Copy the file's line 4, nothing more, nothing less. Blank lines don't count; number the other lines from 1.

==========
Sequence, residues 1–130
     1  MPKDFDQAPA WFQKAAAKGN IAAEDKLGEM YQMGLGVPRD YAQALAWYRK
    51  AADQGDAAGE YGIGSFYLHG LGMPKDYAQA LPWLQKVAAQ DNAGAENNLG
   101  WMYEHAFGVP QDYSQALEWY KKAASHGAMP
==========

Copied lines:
   101  WMYEHAFGVP QDYSQALEWY KKAASHGAMP